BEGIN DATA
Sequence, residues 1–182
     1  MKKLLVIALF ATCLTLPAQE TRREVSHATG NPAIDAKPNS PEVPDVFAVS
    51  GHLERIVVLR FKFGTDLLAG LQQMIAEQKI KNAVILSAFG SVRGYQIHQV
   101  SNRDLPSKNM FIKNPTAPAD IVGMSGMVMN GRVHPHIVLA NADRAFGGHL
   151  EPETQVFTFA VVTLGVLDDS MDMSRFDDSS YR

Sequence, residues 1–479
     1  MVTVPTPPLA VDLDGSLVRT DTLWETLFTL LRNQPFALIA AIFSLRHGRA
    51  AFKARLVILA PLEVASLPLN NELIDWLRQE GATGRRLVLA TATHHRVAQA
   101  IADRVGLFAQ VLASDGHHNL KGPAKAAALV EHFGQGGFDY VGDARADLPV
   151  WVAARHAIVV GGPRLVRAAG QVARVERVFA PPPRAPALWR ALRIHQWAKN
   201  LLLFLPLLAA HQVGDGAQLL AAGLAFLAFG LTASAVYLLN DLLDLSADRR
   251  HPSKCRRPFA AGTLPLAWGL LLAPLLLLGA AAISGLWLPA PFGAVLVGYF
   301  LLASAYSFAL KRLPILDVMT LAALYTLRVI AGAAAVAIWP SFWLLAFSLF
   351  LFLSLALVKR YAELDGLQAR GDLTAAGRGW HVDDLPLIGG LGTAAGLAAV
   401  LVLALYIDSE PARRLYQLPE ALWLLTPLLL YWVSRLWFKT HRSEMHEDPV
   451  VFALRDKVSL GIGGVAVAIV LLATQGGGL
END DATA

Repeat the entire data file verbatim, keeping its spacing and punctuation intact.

Sequence, residues 1–182
     1  MKKLLVIALF ATCLTLPAQE TRREVSHATG NPAIDAKPNS PEVPDVFAVS
    51  GHLERIVVLR FKFGTDLLAG LQQMIAEQKI KNAVILSAFG SVRGYQIHQV
   101  SNRDLPSKNM FIKNPTAPAD IVGMSGMVMN GRVHPHIVLA NADRAFGGHL
   151  EPETQVFTFA VVTLGVLDDS MDMSRFDDSS YR

Sequence, residues 1–479
     1  MVTVPTPPLA VDLDGSLVRT DTLWETLFTL LRNQPFALIA AIFSLRHGRA
    51  AFKARLVILA PLEVASLPLN NELIDWLRQE GATGRRLVLA TATHHRVAQA
   101  IADRVGLFAQ VLASDGHHNL KGPAKAAALV EHFGQGGFDY VGDARADLPV
   151  WVAARHAIVV GGPRLVRAAG QVARVERVFA PPPRAPALWR ALRIHQWAKN
   201  LLLFLPLLAA HQVGDGAQLL AAGLAFLAFG LTASAVYLLN DLLDLSADRR
   251  HPSKCRRPFA AGTLPLAWGL LLAPLLLLGA AAISGLWLPA PFGAVLVGYF
   301  LLASAYSFAL KRLPILDVMT LAALYTLRVI AGAAAVAIWP SFWLLAFSLF
   351  LFLSLALVKR YAELDGLQAR GDLTAAGRGW HVDDLPLIGG LGTAAGLAAV
   401  LVLALYIDSE PARRLYQLPE ALWLLTPLLL YWVSRLWFKT HRSEMHEDPV
   451  VFALRDKVSL GIGGVAVAIV LLATQGGGL